Science 3 min read

Researchers use Experimental Method to Find High-Entropy Alloys

Materials scientists use data analytics to discover a new class of super-hard alloys. This experimental method could accelerate research into the emerging field of High-Entropy Alloys.

Image courtesy of Shutterstock

Image courtesy of Shutterstock

Conventional alloys are made by mixing two or more metallic and/or non-metallic elements in order to obtain a compound with specific enhanced properties compared to the starting materials.

But in recent years, High-Entropy Alloys (HEAs) emerged as a novel class of materials. There are no primary and secondary elements in high-entropy alloys as usually four, five or more elements are added to the mix in nearly equal proportions.

The resulting compounds exhibit mechanical and thermal properties that are far superior to those of conventional alloys.

While research into high-entropy alloys goes back to the early 1980s, it’s only during the last decade that this field has picked up speed thanks to the development of new scientific investigation techniques.

Experimental Method to Discover Super-Hard High-Entropy Alloys

Scientists from Lehigh University in Bethlehem, Pennsylvania, have discovered a new class of extremely-hard alloys using an experimental method they described in a paper published in Nature Communications.

Aside from the experimental electron microscopy tool the researchers used in their investigation, the physical mechanisms behind the observed properties in HEAs, data analytics was also key to their findings.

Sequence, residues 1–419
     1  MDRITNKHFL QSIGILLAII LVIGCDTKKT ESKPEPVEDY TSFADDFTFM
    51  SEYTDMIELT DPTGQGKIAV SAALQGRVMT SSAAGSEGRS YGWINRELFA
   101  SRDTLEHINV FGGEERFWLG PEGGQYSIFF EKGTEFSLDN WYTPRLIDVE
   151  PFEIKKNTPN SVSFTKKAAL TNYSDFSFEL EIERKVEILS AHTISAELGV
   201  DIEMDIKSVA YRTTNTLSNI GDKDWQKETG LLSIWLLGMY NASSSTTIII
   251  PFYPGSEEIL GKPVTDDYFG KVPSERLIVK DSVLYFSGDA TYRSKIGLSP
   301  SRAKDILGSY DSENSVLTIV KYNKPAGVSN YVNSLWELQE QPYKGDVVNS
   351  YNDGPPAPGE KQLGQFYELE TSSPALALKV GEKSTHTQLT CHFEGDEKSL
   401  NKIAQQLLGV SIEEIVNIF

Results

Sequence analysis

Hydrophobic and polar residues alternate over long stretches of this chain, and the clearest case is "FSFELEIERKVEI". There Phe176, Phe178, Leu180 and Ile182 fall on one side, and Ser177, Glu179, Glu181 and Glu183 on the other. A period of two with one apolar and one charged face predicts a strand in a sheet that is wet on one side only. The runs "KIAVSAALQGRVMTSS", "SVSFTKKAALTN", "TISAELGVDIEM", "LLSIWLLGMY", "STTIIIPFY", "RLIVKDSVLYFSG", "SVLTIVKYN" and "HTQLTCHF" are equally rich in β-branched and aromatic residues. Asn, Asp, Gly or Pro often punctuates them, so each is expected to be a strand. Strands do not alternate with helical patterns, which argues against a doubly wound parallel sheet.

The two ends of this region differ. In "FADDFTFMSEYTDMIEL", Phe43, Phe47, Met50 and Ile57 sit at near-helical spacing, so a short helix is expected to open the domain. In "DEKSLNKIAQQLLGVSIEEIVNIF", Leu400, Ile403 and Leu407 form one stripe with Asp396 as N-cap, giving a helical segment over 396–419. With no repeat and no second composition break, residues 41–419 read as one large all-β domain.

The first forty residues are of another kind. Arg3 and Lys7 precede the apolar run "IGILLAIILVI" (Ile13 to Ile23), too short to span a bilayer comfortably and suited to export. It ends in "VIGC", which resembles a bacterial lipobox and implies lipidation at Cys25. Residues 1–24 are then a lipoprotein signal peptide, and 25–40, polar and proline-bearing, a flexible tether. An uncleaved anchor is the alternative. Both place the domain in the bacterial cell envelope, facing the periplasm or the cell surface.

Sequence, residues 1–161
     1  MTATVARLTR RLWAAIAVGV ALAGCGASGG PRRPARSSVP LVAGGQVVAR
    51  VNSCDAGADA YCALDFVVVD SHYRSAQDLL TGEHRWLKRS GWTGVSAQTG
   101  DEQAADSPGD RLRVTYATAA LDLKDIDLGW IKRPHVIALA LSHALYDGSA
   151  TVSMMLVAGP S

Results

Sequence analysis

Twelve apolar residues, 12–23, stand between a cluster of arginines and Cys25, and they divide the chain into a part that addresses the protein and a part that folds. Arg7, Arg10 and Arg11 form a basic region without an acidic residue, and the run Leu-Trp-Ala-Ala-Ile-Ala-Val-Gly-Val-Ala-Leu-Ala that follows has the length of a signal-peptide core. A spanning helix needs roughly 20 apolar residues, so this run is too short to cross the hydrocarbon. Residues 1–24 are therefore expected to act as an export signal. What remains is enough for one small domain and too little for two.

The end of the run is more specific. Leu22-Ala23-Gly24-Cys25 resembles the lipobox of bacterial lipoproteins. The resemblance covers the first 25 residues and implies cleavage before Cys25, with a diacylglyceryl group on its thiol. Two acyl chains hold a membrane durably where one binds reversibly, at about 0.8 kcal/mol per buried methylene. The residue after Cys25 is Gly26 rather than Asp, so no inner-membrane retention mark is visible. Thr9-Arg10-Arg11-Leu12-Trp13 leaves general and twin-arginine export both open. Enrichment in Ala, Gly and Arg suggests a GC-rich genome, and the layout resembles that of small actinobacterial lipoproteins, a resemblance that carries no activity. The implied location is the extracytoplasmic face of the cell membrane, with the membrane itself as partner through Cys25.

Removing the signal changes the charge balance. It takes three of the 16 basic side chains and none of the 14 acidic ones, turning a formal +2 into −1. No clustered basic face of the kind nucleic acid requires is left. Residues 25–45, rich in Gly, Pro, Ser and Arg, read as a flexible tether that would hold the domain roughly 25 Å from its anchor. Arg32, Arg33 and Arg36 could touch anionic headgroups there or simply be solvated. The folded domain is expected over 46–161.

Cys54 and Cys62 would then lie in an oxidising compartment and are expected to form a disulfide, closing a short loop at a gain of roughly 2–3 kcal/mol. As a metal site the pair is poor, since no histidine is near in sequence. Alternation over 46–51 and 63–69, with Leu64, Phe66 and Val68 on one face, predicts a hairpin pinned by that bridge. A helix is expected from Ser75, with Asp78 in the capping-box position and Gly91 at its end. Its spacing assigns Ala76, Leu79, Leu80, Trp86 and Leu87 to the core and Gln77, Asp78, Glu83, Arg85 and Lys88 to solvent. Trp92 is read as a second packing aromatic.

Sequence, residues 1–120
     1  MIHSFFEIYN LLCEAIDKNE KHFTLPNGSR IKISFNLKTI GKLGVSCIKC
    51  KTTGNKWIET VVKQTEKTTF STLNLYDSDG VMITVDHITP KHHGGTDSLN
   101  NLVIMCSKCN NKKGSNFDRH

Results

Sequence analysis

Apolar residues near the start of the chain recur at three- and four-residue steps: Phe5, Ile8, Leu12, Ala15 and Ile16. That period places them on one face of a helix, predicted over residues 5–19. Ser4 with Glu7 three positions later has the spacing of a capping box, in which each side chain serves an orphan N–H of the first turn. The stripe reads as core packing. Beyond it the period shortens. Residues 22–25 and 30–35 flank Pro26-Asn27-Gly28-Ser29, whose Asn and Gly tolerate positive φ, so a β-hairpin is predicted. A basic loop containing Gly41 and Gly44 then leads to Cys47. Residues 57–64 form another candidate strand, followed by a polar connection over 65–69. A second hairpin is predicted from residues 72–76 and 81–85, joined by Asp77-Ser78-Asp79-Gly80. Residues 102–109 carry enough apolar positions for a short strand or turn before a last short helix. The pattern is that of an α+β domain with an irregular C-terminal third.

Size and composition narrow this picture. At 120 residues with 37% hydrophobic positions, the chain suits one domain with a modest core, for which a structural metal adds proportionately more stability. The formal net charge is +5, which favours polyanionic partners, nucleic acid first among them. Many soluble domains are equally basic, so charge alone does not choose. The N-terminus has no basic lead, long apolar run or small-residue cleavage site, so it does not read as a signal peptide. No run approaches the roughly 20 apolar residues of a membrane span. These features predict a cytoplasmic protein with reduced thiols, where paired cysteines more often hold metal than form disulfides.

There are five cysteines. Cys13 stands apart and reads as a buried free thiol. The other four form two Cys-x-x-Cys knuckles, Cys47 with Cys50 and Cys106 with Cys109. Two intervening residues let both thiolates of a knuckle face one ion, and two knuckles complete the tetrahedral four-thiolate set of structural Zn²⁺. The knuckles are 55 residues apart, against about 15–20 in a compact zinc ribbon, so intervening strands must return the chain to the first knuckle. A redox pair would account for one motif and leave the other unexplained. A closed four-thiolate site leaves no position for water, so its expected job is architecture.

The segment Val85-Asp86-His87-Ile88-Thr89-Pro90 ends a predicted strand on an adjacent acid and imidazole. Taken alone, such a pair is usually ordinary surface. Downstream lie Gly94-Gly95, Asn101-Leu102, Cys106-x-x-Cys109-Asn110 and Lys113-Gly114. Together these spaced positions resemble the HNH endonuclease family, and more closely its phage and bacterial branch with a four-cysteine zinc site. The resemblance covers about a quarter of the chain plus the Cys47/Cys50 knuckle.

“We used materials informatics — the application of the methods of data science to materials problems — to predict a class of materials that have superior mechanical properties,” said lead author Jeffrey M. Rickman.

By developing and testing this technique, Lehigh researchers hoped they would identify promising HEAs.

“However, we found alloys that had hardness values that exceeded our initial expectations. Their hardness values are about a factor of 2 better than other, more typical high-entropy alloys and other relatively hard binary alloys.”

Materials informatics has become a powerful tool used by scientists today to design alloys with the desirable thermal and mechanical properties that conventional alloys can’t provide.

Ferroelectrics, batteries, thermoelectrics, and hydrogen storage are just examples of the industries and technologies that could benefit from the application of materials informatics to engineer novel HEAs.

“Creation of large data sets in materials science, in particular, is transforming the way research is done in the field by providing opportunities to identify complex relationships and to extract information that will enable new discoveries and catalyze materials design,” Rickman said.

But Lehigh scientists have already thought about a specific area of application of their newly-found super-hard alloys. HEAs with such hardness can potentially withstand severe projectile impacts, so they would be interesting to study for soldiers protection systems.

Read More: Scientists Develop Low-Cost Energy-Efficient Alloys

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Zayan Guedim

Trilingual poet, investigative journalist, and novelist. Zed loves tackling the big existential questions and all-things quantum.

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